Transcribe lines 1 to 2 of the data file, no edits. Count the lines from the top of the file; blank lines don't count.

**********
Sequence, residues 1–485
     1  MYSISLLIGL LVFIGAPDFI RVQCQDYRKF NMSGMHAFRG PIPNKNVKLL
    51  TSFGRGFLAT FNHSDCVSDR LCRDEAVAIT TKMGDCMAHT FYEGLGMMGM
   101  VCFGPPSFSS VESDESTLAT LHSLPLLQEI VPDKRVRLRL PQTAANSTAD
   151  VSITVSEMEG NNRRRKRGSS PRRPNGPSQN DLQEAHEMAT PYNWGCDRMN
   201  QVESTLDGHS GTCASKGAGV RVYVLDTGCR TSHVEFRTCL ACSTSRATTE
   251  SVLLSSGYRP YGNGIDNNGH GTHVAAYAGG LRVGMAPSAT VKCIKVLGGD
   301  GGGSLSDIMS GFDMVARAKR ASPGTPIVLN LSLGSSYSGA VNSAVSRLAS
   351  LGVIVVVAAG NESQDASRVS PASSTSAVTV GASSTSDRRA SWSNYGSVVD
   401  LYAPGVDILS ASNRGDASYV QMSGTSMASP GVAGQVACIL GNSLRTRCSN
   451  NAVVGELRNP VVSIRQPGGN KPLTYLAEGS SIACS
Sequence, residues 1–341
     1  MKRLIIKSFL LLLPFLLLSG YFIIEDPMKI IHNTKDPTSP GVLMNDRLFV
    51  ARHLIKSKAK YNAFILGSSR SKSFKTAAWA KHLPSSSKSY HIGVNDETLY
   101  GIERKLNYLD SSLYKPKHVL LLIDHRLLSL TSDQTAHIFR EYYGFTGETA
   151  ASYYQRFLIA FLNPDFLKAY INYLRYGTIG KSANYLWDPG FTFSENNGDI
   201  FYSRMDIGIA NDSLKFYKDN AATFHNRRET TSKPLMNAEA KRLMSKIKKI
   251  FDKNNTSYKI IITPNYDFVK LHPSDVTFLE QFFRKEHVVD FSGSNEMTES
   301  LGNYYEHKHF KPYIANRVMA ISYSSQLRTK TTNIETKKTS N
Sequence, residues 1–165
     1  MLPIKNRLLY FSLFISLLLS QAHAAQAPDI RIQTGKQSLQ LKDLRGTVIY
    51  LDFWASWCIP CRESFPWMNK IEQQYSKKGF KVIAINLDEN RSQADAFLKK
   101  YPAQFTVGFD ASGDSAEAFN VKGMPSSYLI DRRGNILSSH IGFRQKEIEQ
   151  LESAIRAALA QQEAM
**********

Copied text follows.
Sequence, residues 1–485
     1  MYSISLLIGL LVFIGAPDFI RVQCQDYRKF NMSGMHAFRG PIPNKNVKLL